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running for weight loss

Many exercisers flock to running for the cardiovascular benefit and high calorie burn. Running fans also love it for stress reduction and mental well-being. The downside is that running can be especially challenging if you are overweight. Don’t be discouraged. If you want to run, there are safe and effective ways to incorporate it into your exercise routine.

Keeping your joints safe.

Running is often blamed for knee damage, but research says otherwise. Many long-term studies show that running doesn’t appear to cause knee damage in people without previous knee injuries. A 21-year study conducted at Stanford University showed that the knees of those who ran were no more or less healthy than the knees of non-runners. Some research shows that activities like running may even benefit the joints. The pounding action can stimulate proteins to make cartilage stronger while also flushing out toxins. As with most types of exercise, moderation is key. Running at fast paces and for long distances can increase the risk of knee arthritis.

While running isn’t directly linked to knee damage, being overweight or obese is. Obese women have almost four times the risk of developing arthritis of the knee when compared to non-obese women, and obese men have five times the risk. When you run, the knee absorbs a force up to eight times your body weight. If you are more than 20 pounds overweight, avoid jumping into a vigorous running routine, but this doesn’t mean running is off limits. The key is to start slow, and as the weight comes off, you can begin to increase your time, distance, and speed.

Taking it one step at a time.

Check with your healthcare provider to ensure that you have a green light to increase the duration and intensity of your exercise routine. Once you have approval, the following walking program is ideal for someone who can walk three miles, three to five times per week and wants to eventually incorporate running.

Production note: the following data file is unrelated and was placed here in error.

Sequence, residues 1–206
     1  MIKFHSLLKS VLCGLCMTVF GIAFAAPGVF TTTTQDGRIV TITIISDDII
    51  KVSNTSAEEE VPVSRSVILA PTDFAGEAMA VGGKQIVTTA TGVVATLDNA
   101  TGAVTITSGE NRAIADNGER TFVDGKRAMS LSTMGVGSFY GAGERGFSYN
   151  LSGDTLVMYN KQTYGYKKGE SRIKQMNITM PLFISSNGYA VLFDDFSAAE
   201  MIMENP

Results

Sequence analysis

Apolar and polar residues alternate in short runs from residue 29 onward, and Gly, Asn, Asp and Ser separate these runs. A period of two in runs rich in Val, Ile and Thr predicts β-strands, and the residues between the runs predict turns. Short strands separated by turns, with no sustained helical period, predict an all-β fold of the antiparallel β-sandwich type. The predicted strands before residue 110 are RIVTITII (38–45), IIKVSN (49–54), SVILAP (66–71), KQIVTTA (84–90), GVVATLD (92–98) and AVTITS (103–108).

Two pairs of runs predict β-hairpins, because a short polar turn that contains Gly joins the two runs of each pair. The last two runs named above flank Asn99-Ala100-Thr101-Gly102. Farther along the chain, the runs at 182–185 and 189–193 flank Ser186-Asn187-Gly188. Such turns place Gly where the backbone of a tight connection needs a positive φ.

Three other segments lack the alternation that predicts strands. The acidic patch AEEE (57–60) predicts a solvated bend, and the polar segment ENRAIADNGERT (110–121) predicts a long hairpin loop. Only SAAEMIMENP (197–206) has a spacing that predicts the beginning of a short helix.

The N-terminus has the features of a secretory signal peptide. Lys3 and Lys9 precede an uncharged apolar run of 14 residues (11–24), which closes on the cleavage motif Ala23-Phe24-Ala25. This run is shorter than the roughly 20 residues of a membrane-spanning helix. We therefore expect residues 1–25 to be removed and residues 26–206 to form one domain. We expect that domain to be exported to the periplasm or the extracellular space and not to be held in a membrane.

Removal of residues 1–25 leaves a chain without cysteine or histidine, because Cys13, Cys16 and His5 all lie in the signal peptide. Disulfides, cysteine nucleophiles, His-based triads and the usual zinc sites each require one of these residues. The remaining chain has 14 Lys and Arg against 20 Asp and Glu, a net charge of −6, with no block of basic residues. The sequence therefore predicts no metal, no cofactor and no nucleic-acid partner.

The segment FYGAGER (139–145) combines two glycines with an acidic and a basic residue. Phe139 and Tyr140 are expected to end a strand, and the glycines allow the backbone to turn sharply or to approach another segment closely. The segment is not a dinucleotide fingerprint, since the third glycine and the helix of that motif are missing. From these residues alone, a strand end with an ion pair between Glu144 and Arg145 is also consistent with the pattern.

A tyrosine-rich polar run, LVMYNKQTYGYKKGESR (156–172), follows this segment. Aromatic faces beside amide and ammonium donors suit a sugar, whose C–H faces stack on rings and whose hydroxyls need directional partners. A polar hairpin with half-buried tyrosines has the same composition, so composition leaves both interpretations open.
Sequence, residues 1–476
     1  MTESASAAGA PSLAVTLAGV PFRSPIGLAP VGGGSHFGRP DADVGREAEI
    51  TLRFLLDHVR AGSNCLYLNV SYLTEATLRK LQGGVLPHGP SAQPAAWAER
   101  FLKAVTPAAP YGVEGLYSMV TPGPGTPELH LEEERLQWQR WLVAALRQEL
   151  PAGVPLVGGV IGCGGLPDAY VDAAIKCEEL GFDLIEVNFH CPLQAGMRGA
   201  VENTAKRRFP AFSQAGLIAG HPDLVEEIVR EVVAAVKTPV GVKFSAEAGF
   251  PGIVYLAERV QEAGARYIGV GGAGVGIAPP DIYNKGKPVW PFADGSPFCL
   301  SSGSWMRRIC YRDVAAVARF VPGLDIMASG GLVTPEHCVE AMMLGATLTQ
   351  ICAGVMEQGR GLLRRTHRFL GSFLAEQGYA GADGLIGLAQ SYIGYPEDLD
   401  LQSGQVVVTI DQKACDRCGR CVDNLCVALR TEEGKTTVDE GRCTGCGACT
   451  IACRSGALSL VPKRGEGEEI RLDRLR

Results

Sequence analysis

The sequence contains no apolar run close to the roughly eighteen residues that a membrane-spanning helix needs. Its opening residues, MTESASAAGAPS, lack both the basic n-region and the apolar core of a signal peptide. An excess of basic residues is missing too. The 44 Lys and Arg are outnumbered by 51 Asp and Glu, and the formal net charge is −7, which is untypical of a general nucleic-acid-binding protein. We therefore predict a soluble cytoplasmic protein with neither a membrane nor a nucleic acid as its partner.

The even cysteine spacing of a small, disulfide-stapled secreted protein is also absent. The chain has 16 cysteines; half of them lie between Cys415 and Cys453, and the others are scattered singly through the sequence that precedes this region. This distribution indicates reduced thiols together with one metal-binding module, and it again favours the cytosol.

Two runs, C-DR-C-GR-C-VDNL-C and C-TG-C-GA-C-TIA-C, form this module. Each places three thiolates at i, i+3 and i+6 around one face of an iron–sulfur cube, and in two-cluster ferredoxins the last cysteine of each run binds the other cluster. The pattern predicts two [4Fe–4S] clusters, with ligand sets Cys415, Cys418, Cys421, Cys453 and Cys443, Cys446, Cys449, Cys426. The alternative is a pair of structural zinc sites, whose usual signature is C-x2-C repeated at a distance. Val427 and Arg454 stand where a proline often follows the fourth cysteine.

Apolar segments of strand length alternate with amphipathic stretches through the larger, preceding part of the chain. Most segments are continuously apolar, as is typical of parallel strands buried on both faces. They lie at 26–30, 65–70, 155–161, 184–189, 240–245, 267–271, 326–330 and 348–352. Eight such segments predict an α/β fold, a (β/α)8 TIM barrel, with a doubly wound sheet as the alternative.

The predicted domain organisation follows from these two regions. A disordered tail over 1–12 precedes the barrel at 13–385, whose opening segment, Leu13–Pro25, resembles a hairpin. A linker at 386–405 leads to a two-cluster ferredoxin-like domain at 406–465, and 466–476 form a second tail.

Week Frequency Miles Goal Time Pace Comments
1-2 5 days 3 60 min 3.0 mph Attempt a frequency of 5 times / wk
3-4 5 days 3 57 min 3.2 mph Quicken your pace by ~1 min / mile / wk
5-6 5 days 3 54 min 3.3 mph
7 5 days 3 51 min 3.5 mph
8 5 days 3.5 60 min 3.5 mph Increase distance by ½ mile / week
9 4 days 3.5 55 min 3.8 mph
10 4 days 3.5 53 min 4.0 mph
11-12 4-5 days 4 60 min 4.0 mph

The key to progressing your exercise program is to vary frequency, intensity, and distance independently (don't increase more than one variable per week). Once you can walk four miles at a 15-minute pace on most days of the week, you can start integrating higher intensity intervals with hills and inclines to increase the calories burned during your workout.

Once you are within reach of your goal weight, you can start integrating jogging intervals. When you begin your jogging program, aim to include these walk/jog sessions three to five days per week. For the first two weeks, you will walk four minutes and jog one minute. You will repeat this five-minute interval six times until you have exercised for 30 minutes. It may be tempting to jog more, but sticking to the program will ensure that your stamina builds gradually, decreasing burnout.

Every two weeks, walk one minute less and jog one minute more. Repeat any of the weeks as necessary based on how quickly your fitness is improving, but do not skip any of the weeks. Take it slow and stick with the program. In eight to ten weeks, you will be running a full 30 minutes.

Week Frequency (days/week) Goal Time Walk/Jog Interval
1-2 3-5 30 min Walk 4 minutes, Jog 1 minute
3-4 3-5 30 min Walk 3 minutes, Jog 2 minutes
5-6 3-5 30 min Walk 2 minutes, Jog 3 minutes
7-8 3-5 30 min Walk 1 minute, Jog 4 minutes
9-10 3-5 30 min Jog 30 minutes

*Jogging program modified from Ready to Run? Fit Facts from the American Council on Exercise.

Lori Rice, M.S., is a nutritional scientist and author with a passion for healthy cooking, exercise physiology, and food photography.
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